Graduate Studies in Environmental STUDIES IN ENVIRONMENTAL SCIENCE Vanderbilt University's Environmental Science option within the Environmental Engineering program of the ...
Post on 06-Feb-2018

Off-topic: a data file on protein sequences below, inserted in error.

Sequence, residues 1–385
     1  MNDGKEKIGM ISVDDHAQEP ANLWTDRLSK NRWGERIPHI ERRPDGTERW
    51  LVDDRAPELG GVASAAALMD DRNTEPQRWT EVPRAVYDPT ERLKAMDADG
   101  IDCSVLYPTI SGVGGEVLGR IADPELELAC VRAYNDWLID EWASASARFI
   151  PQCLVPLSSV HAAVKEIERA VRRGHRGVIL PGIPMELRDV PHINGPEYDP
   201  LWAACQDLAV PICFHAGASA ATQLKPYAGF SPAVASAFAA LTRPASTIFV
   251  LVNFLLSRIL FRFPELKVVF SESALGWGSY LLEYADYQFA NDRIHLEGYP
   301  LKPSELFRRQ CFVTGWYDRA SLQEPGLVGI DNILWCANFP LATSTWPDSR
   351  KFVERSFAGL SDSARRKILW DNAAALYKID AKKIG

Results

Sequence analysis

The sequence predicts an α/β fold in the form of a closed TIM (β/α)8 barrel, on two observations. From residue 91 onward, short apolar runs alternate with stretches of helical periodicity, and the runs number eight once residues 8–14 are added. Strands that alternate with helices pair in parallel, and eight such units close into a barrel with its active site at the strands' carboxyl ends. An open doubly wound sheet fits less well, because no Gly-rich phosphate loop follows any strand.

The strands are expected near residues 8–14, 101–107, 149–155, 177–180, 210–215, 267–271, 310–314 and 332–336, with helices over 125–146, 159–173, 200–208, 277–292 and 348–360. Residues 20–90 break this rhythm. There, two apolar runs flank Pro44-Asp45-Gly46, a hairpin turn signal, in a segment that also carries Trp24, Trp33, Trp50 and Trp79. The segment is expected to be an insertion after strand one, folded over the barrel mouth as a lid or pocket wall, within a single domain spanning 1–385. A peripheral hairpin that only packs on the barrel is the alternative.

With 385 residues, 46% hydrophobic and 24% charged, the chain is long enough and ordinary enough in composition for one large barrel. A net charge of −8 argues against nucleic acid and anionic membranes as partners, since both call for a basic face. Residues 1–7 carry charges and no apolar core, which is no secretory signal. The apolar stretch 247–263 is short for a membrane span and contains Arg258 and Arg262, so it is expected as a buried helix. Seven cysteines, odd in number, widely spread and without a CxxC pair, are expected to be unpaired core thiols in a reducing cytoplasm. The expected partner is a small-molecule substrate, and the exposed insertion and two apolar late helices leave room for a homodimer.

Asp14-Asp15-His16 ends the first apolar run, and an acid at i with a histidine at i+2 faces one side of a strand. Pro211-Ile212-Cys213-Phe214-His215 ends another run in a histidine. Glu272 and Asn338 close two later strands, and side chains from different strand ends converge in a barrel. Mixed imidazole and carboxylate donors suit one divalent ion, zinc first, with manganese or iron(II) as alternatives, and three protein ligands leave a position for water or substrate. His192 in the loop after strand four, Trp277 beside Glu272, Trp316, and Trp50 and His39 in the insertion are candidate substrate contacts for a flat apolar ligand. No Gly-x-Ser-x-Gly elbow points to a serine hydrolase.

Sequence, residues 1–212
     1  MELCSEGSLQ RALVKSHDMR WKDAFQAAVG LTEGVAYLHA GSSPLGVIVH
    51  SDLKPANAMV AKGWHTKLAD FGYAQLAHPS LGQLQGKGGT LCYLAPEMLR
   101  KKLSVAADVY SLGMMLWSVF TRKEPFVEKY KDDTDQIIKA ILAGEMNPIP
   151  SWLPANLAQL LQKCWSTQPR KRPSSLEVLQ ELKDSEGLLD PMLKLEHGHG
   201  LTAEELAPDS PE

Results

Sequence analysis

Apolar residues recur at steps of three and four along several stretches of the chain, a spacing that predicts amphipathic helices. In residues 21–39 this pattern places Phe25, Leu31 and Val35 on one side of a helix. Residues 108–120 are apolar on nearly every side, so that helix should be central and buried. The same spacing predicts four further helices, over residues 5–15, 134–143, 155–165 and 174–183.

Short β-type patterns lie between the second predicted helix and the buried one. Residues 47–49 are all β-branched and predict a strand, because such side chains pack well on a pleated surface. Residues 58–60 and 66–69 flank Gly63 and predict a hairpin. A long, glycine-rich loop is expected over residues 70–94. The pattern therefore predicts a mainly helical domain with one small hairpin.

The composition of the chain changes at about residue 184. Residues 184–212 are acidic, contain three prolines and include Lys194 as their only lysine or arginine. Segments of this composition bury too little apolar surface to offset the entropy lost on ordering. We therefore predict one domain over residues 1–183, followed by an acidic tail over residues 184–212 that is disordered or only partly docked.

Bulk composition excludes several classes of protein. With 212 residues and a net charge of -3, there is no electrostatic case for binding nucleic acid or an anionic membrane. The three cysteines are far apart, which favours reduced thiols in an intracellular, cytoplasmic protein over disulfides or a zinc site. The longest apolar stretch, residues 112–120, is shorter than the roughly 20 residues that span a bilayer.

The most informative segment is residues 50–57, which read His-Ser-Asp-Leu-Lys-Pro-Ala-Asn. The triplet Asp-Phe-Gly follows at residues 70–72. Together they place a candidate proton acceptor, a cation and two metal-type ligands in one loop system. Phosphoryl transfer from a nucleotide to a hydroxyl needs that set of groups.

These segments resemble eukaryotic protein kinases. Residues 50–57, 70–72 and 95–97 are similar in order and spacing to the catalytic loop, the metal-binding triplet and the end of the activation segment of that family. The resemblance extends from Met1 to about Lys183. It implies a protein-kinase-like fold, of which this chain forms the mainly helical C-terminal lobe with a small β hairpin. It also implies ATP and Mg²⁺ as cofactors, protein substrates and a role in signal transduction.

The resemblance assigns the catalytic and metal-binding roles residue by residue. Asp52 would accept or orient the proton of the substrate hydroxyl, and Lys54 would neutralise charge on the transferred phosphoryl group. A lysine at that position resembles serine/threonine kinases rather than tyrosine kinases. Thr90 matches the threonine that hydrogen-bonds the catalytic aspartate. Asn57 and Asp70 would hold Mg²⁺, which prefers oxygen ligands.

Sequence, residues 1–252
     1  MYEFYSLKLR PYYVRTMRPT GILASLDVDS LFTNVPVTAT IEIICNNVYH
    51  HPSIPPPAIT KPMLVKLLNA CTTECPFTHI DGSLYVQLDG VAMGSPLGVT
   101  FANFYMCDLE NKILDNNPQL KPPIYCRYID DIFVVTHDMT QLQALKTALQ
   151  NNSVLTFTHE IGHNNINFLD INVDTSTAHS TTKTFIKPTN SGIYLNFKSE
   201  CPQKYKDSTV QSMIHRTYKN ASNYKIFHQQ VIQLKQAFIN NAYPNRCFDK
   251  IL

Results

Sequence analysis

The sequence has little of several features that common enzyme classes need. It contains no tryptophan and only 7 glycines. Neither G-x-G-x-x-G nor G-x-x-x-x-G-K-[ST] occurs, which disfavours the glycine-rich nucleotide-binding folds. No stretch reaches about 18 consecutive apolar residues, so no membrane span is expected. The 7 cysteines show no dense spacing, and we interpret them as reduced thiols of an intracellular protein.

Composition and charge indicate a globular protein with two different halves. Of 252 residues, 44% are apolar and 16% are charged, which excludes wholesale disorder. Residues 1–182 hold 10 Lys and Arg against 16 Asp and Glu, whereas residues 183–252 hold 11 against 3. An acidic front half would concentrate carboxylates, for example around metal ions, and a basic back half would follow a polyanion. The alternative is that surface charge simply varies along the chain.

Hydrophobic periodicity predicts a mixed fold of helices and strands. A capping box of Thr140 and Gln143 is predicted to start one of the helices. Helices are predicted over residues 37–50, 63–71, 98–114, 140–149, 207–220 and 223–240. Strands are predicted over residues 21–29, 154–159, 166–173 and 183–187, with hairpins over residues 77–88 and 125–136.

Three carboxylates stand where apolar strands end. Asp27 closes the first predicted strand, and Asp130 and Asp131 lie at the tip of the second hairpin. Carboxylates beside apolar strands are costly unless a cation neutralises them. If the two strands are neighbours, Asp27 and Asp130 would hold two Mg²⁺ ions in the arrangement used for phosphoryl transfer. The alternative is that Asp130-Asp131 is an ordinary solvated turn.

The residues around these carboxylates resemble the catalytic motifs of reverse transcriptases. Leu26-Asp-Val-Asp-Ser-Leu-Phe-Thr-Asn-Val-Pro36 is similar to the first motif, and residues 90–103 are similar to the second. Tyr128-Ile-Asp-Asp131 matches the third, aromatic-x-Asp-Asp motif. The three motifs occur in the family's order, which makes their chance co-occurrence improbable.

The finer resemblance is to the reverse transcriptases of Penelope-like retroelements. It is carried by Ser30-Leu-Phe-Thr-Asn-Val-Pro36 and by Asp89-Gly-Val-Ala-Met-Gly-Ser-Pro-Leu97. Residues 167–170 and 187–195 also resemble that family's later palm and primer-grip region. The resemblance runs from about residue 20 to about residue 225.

GRADUATE STUDIES IN ENVIRONMENTAL SCIENCE Vanderbilt University's Environmental Science option within the Environmental Engineering program of the Department of Civil and Environmental Engineering is administered jointly by the Departments of Civil and Environmental Engineering (School of Engineering) and Earth and Environmental Sciences (College of Arts and Science). Students may pursue work leading to the M.S. and Ph.D. degrees. The option's focus is centered on: earth surface and subsurface system dynamics involving the intersection of engineering and geological timescales; natural and human-induced environmental hazards and risk assessment; and management and restoration of environmental systems involving coupled physical, chemical and biological elements. These represent important core areas of engineering and earth and environmental sciences research that intersect current, critical national research priorities. 1. Elements 1.1 Expected Knowledge and Skill Areas To acquire a solid foundation for pursuing work in the areas of excellence above, students choose courses from four knowledge and skill areas that serve as the foundation for study: materials the physicochemical nature of solid and fluid earth materials; processes physical, chemical and biological processes affecting the transport and fate of materials in environmental systems; systems the dynamics of environmental systems wherein processes are coupled over a wide range of spatial and temporal scales; and quantitative foundations understanding and modeling uncertainty in environmental systems, notably as this pertains to science and engineering applications. Focus on these key areas will allow students to be competitive in the academic and professional marketplace on completion of their studies, and provide them with flexibility to respond to current and future high-priority environmental research needs. We describe below (Section 2.3) the process of designing individual student programs of study consistent with these knowledge and skill areas. 1.2 Degrees and Degree Requirements The degree tracks and associated requirements in the Environmental Science option are: M.S. with thesis 24 credit hours of coursework and acceptance of a written thesis. M.S. without thesis 30 credit hours of coursework (not an option. Ph.D. a minimum of 36 credit hours of coursework, passage of the comprehensive examination, passage of the Ph.D. qualifying examination, and acceptance and defense of 2 a written dissertation; 72 total credit hours are required, including coursework, transfer credit (when appropriate) and dissertation research. In addition, students will have flexibility in choosing courses from a menu of courses provided to them. An Academic Advisory Committee will work with the students to ensure a balanced program (Section 2.2). See Section 2.3 below for additional recommendations concerning direction and oversight. Directed Study research credit hours (up to 3 credit hours for MS degrees, 6 credit hours for Ph.D. degrees) may be included to meet the appropriate required total(s). students with a Masters degree from Vanderbilt will typically be allowed to count Vanderbilt graduate credit hours toward the required total(s) subject to the approval of their Academic Advisory Committees. Students entering with a Masters degree from another institution will need to complete a minimum of 24 course credit hours at Vanderbilt. 2. Program Management 2.1 Program Advisory Committee Day-to-day management of the Environmental Science study option is shared between CEE and EES under the joint leadership of the Director of Graduate Studies for the Environmental Engineering Program in CEE and the Director of Graduate Studies in EES. Oversight of the Environmental Science study option is provided by a Program Advisory Committee composed of the two Directors of Graduate Studies and two members-at-large, one each from CEE and EES appointed for two-year terms by the respective Chairs of these departments. The Chairs of CEE and EES serve as ex-officio members of the Program Advisory Committee. The responsibilities of the Program Advisory Committee are to: (i) annually review the management, operation and health of the Environmental Science study option, including recruiting efforts, student admission standards and student retention; (ii) review Comprehensive Examination standards and procedures (Section 2.6) and the assignment of courses in the Expected Knowledge and Skill Areas (Sections 2.3 and 2.4); (iii) provide leadership in selecting and developing the focus of the annual Capstone Course (Section 2.5); and (iv); review actions of all Academic Advisory Committees (Section 2.2) and, if necessary, resolve any problems or disagreements concerning these actions. The Director of Graduate Studies in CEE is responsible for convening and chairing the Program Advisory Committee. 2.2 Selection of Academic Advisory Committee and Research Advisor Each students Academic Advisory Committee, chaired by the students Research Advisor, is composed of members of the Graduate Faculty, two from CEE and two from EES, appointed by the Directors of Graduate Studies of these departments in consultation with the Chairs and the student. The two Directors of Graduate Studies may serve as ex-officio members of Academic Advisory Committees on which they are not primary members. In addition, the Directors of Graduate Studies provide initial academic guidance to incoming students prior to the selection of their individual Academic Advisory Committees. The Research Advisor and Academic Advisory Committee for each student are selected no later than the middle of the second semester of study. Some students will identify faculty 3 members with whom they wish to work prior to initial enrollment, but this arrangement must be agreed to by the faculty members and approved by the Chairs of CEE and EES. Otherwise, students will be encouraged to discuss research opportunities with program faculty during their first semester of study, then propose possible research topics, Advisors, and potential members for the Academic Advisory Committee, to the Directors of Graduate Studies. Appointment of the Research Advisor and Academic Advisory Committee will then occur as described in the first paragraph above. In each case, the preference of the student and potential faculty Research Advisor are key considerations. The Research Advisor serves as the primary faculty mentor and advocate for the student, and is expected to work with the student to obtain financial support, provided that the student maintains satisfactory progress. 2.3 Selection of Coursework for Individual Students and Periodic Review The Academic Advisory Committee, in consultation with the student, is responsible for designing a program of study, including selection of specific required coursework, for the student. Course selection is based on: (i) the students background, including coursework completed; (ii) the students intended area of research; and (iii) the need to ensure that the student has a program of study that is consistent with the Expected Knowledge and Skill Areas (Section 1.1) and the Degree Requirements (Section 1.2). Specifically, students are advised to complete: at least two courses in each of the Areas 1 and 2 and one course in each of the Areas 3 and 4, with no double counting of courses assigned to more than one Area (denoted by an asterisk; see Appendix); the Preparation for Research in Environmental Science course (Section 2.5) in the fall semester of the students first year (in addition to the requirements stated above); the Capstone Course in the second year (in addition to the requirements stated above); and at least two courses from CEE and two from EES. New students will meet with the two Directors of Graduate Studies to choose courses before the beginning of their first semester. Graduate students are required to meet with the two Directors of Graduate Studies and their advisor every semester during the course registration period to choose courses for the next semester and to review progress towards degree completion. Students must bring updated copies of their Academic Progress Report to each meeting, and send electronic copies to both Directors of Graduate Studies so they can be forwarded to the faculty. Once these tasks are completed, each student will receive a code that will allow them to register for the next semester. Students must register every fall, spring and summer until they graduate. If they have reached the requirement of 72 credit hours then they must register for 0 credit hours of Ph.D. Dissertation Research (ENVE 399). 2.4 Selection of Currently Available Courses A list of currently available courses assigned to the four Expected Knowledge and Skill Areas (Section 1.1) is included as an Appendix. The assignment of courses in this list will be reviewed annually by the Program Advisory Committee (Section 2.1) as the content and emphasis of individual courses naturally evolve, and as the two departments work together to minimize redundancies in existing course offerings and develop new courses that meet the overall programmatic needs. Courses with numbers of 250-300 are normally assumed to be acceptable as graduate-level courses, with expectations of enrolled graduate students that are beyond those for enrolled undergraduates. Nonetheless, in order to accommodate students with diverse backgrounds 4 whose training is limited in certain (undergraduate) background material, we can envision that select 200-249 courses could be appropriate as graduate-level courses for certain students in the Environmental Science option. For example, CEE 203 (Fluid Mechanics) could be appropriate as a graduate-level course for students with undergraduate backgrounds in Earth science pursuing graduate research related to transport phenomena in environmental or Earth-crustal systems. Similarly, EES 230 (Sedimentology) could be appropriate as a graduate-level course for students with undergraduate backgrounds in engineering pursuing graduate research related to the transport and fate of contaminants in riverine and estuarine systems. Similar remarks pertain to courses in Mathematics. Select courses at the 200-249 level are therefore also listed (Appendix). Any 200-249 level course that is approved for a students program of study under these conditions must involve an arrangement with the instructor wherein the student undertakes and completes significant ancillary work at the graduate level. It is anticipated that EES and CEE will examine cross-listing of appropriate courses at the advanced undergraduate-graduate levels. We also anticipate that appropriate advanced courses will be added to this list. 2.5 Capstone Course and Preparation for Research in Environmental Science Two courses are required for Ph.D. students. First, a capstone course serves as the signature of the Environmental Science program. All Ph.D. and interested M.S. students who have completed one year of course work enroll in this course. The course focusses on a highly interdisciplinary, highly visible environmental issue of global significance that is embodied in a type case about which our faculty are knowledgeable and have active or potential research interests. It entails a field trip to the type-case site by participating graduate students and faculty and include extensive interactions with experts representing different backgrounds and viewpoints. The course focus will change biannually; for spring 2007 and 2008 it focuses on the proposed High Level Nuclear Waste repository at Yucca Mt., Nevada. The second course, Preparation for Research in Environmental Science, is attended by students and faculty participating in the Environmental Science program, but is open to all interested individuals. The course focuses on two items: (i) presentation and discussion of current research projects of participating students and faculty, as a mechanism for familiarizing participants with ongoing research and related literature; and (ii) developing skills for preparing winning grant proposals, in general, and in areas of existing research, specifically. Students conduct background research in their areas of interest and present oral and written versions of their grant proposals for critical review. 2.6 Comprehensive Examination Students are required to take the comprehensive examination after completion of no more than four semesters of study. The Academic Advisory Committee, with input and participation from the program faculty, is responsible for developing and administering the comprehensive examination for students pursuing the Environmental Science study option. The comprehensive examination follows the same structure and format as the comprehensive examination for Environmental Engineering, but is tailored to flexibly address the expected qualifications and coursework expected of students pursuing a course of study focused on Environmental Science. The exam will be administered by the Director of Graduate Studies of the department in which the student is matriculated. The DGS will choose two Professors from EES and two Professors from ENVE from whom the student has taken courses to create and grade the exam. 5 2.6.1 Goals The goals of the comprehensive exams are for prospective doctoral students to demonstrate basic competency and for faculty to assess student capabilities in areas critical for future professional performance. Students are expected to demonstrate their 1. basic level of competency in fundamentals relevant to specified degree program; 2. ability to carry out research by (i) seeking out new information related to open ended questions, (ii) critically evaluating work by others, (iii) developing and presenting logical arguments and responses to technical questions, (iv) providing creative approaches to problem solving; and, 3. basic fluency in professional written and oral communications skills (in English). In addition, faculty use the comprehensive exams to assess the students 1. depth of knowledge in relevant subject areas; 2. needs for additional education in critical subject areas; and, 3. needs for further improvement in professional written and oral communications skills (in English). 2.6.2 Approach The comprehensive exam will be a three part exam as follows: 1. Environmental Science Fundamentals 5 hours (with an additional 0.5 hour break), open book, no computers, given on the first day (Monday) from 8:30 am- 2:00 pm. All problems are to be answered. The content of this part will be based on the students course work and interests. Topics will be selected by the students committee and will be disclosed to the student in advance of the exam 2. Integrated Problems 4 hours, open book, no computers, given on the second day (Tuesday) from 8:30 am 12:30 pm. Students must answer problem sets written by two faculty members; usually there will be three or four sets to choose from. 3. A critical review of a designated manuscript from the peer reviewed literature. Each student will be assigned one paper to review, through a random selection process from papers provided by the faculty. The analysis should focus on the technical quality of the paper, specifically technical accuracy and the technical merits of the work that is being described. The student will prepare a typed two (2) page written critique of the paper, including discussion of related citations. On the last day (Friday) each student will be required to submit the written analysis and to give a ten (10) minute PowerPoint presentation of their critique (paper copies of the presentation should be provided to the attending faculty) followed by questions from the faculty. A minimum of three (3) faculty members will attend the presentations. 6 2.6.3 Exam Preparation and Grading 1. Exams will be graded and students will be informed of the results within two weeks from completion of the exam. 2. Part 1 of the exam will be prepared by three faculty members in each area, with input solicited from other faculty. Faculty will work together to develop the integrated problems for Part 2 of the exam and will submit recommended papers for review in Part 3 of the exam. 3. Grading of Part 1 of the exam will be by the three faculty members responsible for developing the exam. Grading of Part 2 will be by the faculty member that provided the question that was answered. Grading of Part 3 will be by those faculty members who attended the presentation. 2.6.4 Policy It is the policy of the graduate faculty of EES and ENVE to provide students one opportunity to sit for, and pass the comprehensive exam in Environmental Engineering. Following completion of the exam, a performance review of each students record is conducted by the students Academic Advisory Committee. Based on the student's performance, the committee will select one of four recommended courses of action: (1) Award the student a "pass"; (2) Award the student a "conditional pass" and require the completion of additional coursework and/or meeting of specified performance objectives within a specified period of time; (3) Provide the student with a second opportunity to sit for the exam (in whole or in part). Note that the opportunity to sit for the exam a second time will only be provided if warranted by sufficiently satisfactory performance to date. In no case may a student sit for the exam more than two times; and (4) Terminate the opportunity for the student to pursue the Ph.D. degree in Environmental Engineering at Vanderbilt University. This will be accompanied by termination of financial aid at completion of the current semester and recommendation of completion of graduate studies in environmental engineering through the completion of the Master's degree (thesis or non-thesis option as recommended by the committee). The following factors are important considerations in the committees decision: (1) The performance of the student on the exam; (2) The progress the student has made with respect to other degree requirements, especially research; (3) An evaluation of the student's potential success in pursuing the Ph.D.; and (4) The professional performance and conduct of the student Following release of the committees recommended course of action, students may request to review their exam by arranging an appointment with the Director of Graduate Studies in their home department. 7 2.6.5 Expectations and Grading The comprehensive exam is a very important milestone in the progress of a Ph.D. candidate at Vanderbilt University. Successful completion of this exam is necessary to continue one's graduate studies toward the Ph.D. degree. Successful completion also provides documentation that the student has not only completed required coursework but also has the knowledge and understanding needed for environmental engineering fundamentals and can apply what has been learned. Finally, successful completion of the comprehensive exam enables the student to focus future work on research, publication, and thesis preparation and defense. What we expect from you: We expect you to understand and appreciate the serious of the comprehensive exam and to prepare for it. We expect you to complete the exam in a professional way that reflects the significance of the exam. We expect you to state all of your assumptions explicitly and to provide definitions and units for all parameters used in developing the solution. We expect you to work the problems in a clear, logical stepwise manner and to show all of your work. We expect you to respond to the questions clearly and concisely. A score of 80 (on a basis of 100) is necessary to pass a given Part of the exam. Scores between 80 and 65 will be evaluated on a case-by-case basis. A score below 65 for a particular part constitutes failure for that Part. Failure of any two (2) Parts constitutes failure of the exam. 2.7 Qualifying Examination The purpose of the qualifying examination is to test the students knowledge of the field of specialization, to assess familiarity with the published research in the field, and to determine whether the student possesses those critical and analytic skills needed for a scholarly career. The examination is conducted by a Ph.D. committee appointed by the Graduate School on advice of the chair or director of graduate studies of the program. The committee consists of not fewer than four members of the Graduate Faculty. If there is a minor, at least one member comes from the students minor area, and when the minor is taken within the department of the major, it is expected that a member of the committee will be from another department. If there is no minor, one member of the committee should be from outside the department. The committee must be appointed by the Graduate School no less than two weeks before the time the student expects to take the qualifying examination. The functions of the Ph.D. committee are (a) to administer the qualifying examination, (b) to approve the dissertation subject, (c) to aid the student and monitor the progress of the dissertation, and (d) to read and approve the dissertation and administer the final oral examination. The qualifying examination may be administered at any time during the school year and shall be completed within a period of four weeks, and it must be taken no later than the 6thsemester after enrollment. Before a qualifying examination can be scheduled, the student must have completed at least 36 hours of graduate work and the language requirement, if any. In exceptional cases where the student has completed a substantial amount of undergraduate course work at advanced levels, a department or program may petition the Graduate School to waive the 8 36-hour requirement. In some programs the student may be required to demonstrate basic competence in the discipline through a written preliminary examination prior to the actual qualifying examination. All departments and other units offering Ph.D. programs must set a maximum time limit within which a student, under normal circumstances, is required to take the qualifying examination. That maximum time limit must not exceed eight semesters (preferably fewer) during which the student is registered, starting with his or her first enrollment as a Ph.D. student. For the qualifying examination the student must prepare a thesis proposal of approximately twenty pages, to be distributed to the Ph.D. committee no less than one week before the exam. The Graduate School must be notified of the time and place of the qualifying examination at least two weeks in advance. During the exam the student will give a presentation to the Ph.D. committee 20-30 minutes in duration followed by a question and answer session. A student is allowed only two opportunities to pass the qualifying examination. The qualifying examination results form, signed by the committee members and the director of graduate studies for the program, shall be forwarded to the Graduate School immediately after the examination. When the student has passed the qualifying examination, the Ph.D. committee shall recommend to the Graduate School that the student be admitted to candidacy for the degree. 2.8 Dissertation A candidate for the Ph.D. degree must present an acceptable dissertation within the major field of study. The dissertation demonstrates that the candidate has technical competence in the field and has done research of an independent character. It must add to or modify what was previously known, or present a significant interpretation of the subject based upon original investigation. The subject of the dissertation must be approved by the students faculty adviser and Ph.D. committee. The dissertation must be completed within four years after a student has been admitted to candidacy for the degree. Upon petition to the Graduate School, a one-year extension of candidacy may be granted. If such a period has expired without successful completion of the dissertation, the student will be removed from the rolls of the Graduate School. Readmission to the Graduate School, and to candidacy, requires application to the Graduate School, with approval of the program faculty. In such cases the student may be required, by the Graduate School or by the Ph.D. committee, to demonstrate competence for readmission by taking a qualifying examination or additional course work. The candidate submits two or more copies of the completed dissertation to the Ph.D. committee at least two weeks prior to the dissertation defense. The committee reviews the dissertation and conducts the final examination. Two copies of the approved dissertation, with the original signatures of not less than a majority of the Ph.D. committee, and two copies of an abstract, of not more than three hundred fifty words, signed by the students adviser, must be turned in to the Graduate School no later than two weeks before the end of the term in which the student expects to receive the degree, except for the spring term. A candidate who expects to graduate in May must submit the dissertation to the Graduate School no later than April 3. Due dates are listed on the Graduate School Web site. Students who submit their dissertations electronically must convert their documents to a PDF file and must adhere to the same deadlines. The graduate is required to publish the dissertation by microfilming. This service is handled by the Graduate School on the graduates behalf. After microfilming, both copies of the dissertation are bound and presented to the Jean and Alexander Heard Library. Microfilming does not preclude publication by other methods, but microfilming is 9 tantamount to publication and a microfilmed dissertation, if not copyrighted, is in the public domain and may not subsequently be copyrighted in its original form. The Graduate School will obtain a copyright for students who wish to have their dissertation copyrighted. Microfilming, binding, and copyright fees must be paid at the time the dissertation is turned in to the Graduate School. The abstract is published in Dissertation Abstracts, which publicizes the completion of the dissertation and announces its availability on microfilm. 2.9 Final Examination The candidate must pass his or her dissertation defense at least fourteen days before the end of the term in which the degree is to be conferred, or by April 1 for May graduation. The final oral examination is administered by the students Ph.D. committee and is on the dissertation and significant related material; the student is expected to demonstrate an understanding of the larger context in which the dissertation lies. The public is invited to attend the final examination, which is announced in advance in Vanderbilts electronic calendar and/or in the Vanderbilt Register. The requirement for the final examination can be waived only on the written approval of the department, the Ph.D. committee, and the Graduate School. The chair of the Ph.D. committee or the director of graduate studies of the program, after consultation with the candidate, shall notify the Graduate School in advance of the place and time of the examination and the title of the dissertation. This should be done no later than two weeks prior to the examination. The Graduate School then formally notifies the Ph.D. committee and submits the defense notice to Vanderbilts electronic calendar. The dissertation defense results form, signed by the committee members and the director of graduate studies for the program, should be forwarded immediately to the Graduate School. . 1. Elements 1.1 Expected Knowledge and Skill Areas To acquire a solid foundation for pursuing work in the areas of excellence above, students choose courses from four knowledge and skill areas that serve as the foundation for study: materials the physicochemical nature of solid and fluid earth materials; processes physical, chemical and biological processes affecting the transport and fate of materials in environmental systems; systems the dynamics of environmental systems wherein processes are coupled over a wide range of spatial and temporal scales; and quantitative foundations understanding and modeling uncertainty in environmental systems, notably as this pertains to science and engineering applications. Focus on these key areas will allow students to be competitive in the academic and professional marketplace on completion of their studies, and provide them with flexibility to respond to current and future high-priority environmental research needs. We describe below (Section 2.3) the process of designing individual student programs of study consistent with these knowledge and skill areas. .. 10 APPENDIX: COURSE DISTRIBUTION IN EXPECTED KNOWLEDGE AND SKILL AREAS (* Courses assigned to more than one group - may not be double counted; Section 4.3) Area 1: Materials the physicochemical nature of solid and fluid Earth materials (minimum 2 courses) EES 225 Earth Materials EES 226 Petrology EES 230 Sedimentology *EES 260 Geochemistry *EES 285 Volcanic Processes EES 320 Aqueous Geochemistry EES 390 Structure, Composition, and Properties of Earth Materials *EES 390 Equilibria & Transformations of Earth Materials ENVE 271 Environmental Chemistry *ENVE 273 Environmental Characterization and Analysis ChemE 311a-311b Advanced Chemical Engineering Thermodynamics CE 203 Fluid Mechanics Area 2: Processes physical, chemical, and biological processes affecting the fate and transport of materials in environmental systems (minimum 2 courses) *EES 230 Sedimentology EES 255 Transport Processes in Earth and Environmental Sciences *EES 260 Geochemistry EES 261 Geomorphology *EES 285 Volcanic Processes *EES 279 Problems in Sedimentology and Paleobiology EES 335 Magmatic Processes and Construction of Earths Crust *EES 390 Equilibria & Transformations of Earth Materials EES 390 Earth Fluids CE 276 Ground Water Hydrology ENVE 262 Hydrology ENVE 270 Environmental Thermodynamics, Kinetics, and Mass Transfer ENVE 272 Biological Unit Processes ChemE 230 Introductory Transport Phenomena ChemE 312a Transport Phenomena I ChemE 312b Transport Phenomena II ChemE 317 Physiological Transport Phenomena MechE 325a Advanced Fluid Dynamics I MechE 325b Advanced Fluid Dynamics II MechE 348 Convection Heat Transfer EES 226 Petrology EES 230 Sedimentology EES 240 Structural Geology and Rock Mechanics CE 203 Fluid Mechanics CE 226 Introduction to Environmental Engineering 11 CE 227 Biological Unit Processes Area 3: Systems the dynamics of environmental systems wherein materials and processes are coupled over a wide range of spatial and temporal scales (minimum 1 course) EES 272 Early Earth Systems *EES 279 Problems in Sedimentology and Paleobiology EES 390 Source to Sink EES 390 Marine Geosystems EES 390 Paleoecological Methods EES 390 Sustainability Science ENVE 264 Environmental Assessments ENVE 269 Radiological Aspects of Environmental Engineering ENVE 275 Environmental Risk Management ENVE 300 Water Quality Management ENVE 312 Pollutant Transport in the Environment EES 220 Life Through Time Area 4: Quantitative foundations understanding and modeling uncertainty in environmental systems, notably as this pertains to science and engineering applications (minimum 1 course) EES 325 Environmental Applications of Geochemical Modeling EES 390 Statistical Methods in Earth and Environmental Sciences CE 290 Reliability and Risk Case Studies CE 307 Finite Element Analysis CE 310 Probabilistic Methods in Engineering Design CE 313 Advanced Reliability Methods CE 259 Geographic Information Systems BSCI 270: Statistical Methods in Biology Anth 280 Intro. to GIS and Remote Sensing ChemE 310a Applied Mathematics in Chemical Engineering I ChemE 310b Applied Mathematics in Chemical Engineering II *ENVE 273 Environmental Characterization and Analysis MechE 275 Introduction to Finite Element Analysis MechE 343 High-Performance Computing for Engineers MATH 204 Linear Algebra MATH 208 Ordinary Differential Equations MATH 216 Probability and Statistics for Engineering MATH 218 Introduction to Mathematical Statistics MATH 218L Statistics Laboratory MATH 219 Introduction to Applied Statistics MATH 247 Probability MATH 248 Mathematical Statistics MATH 226 Introduction to Numerical Mathematics MATH 229 Advanced Engineering Mathematics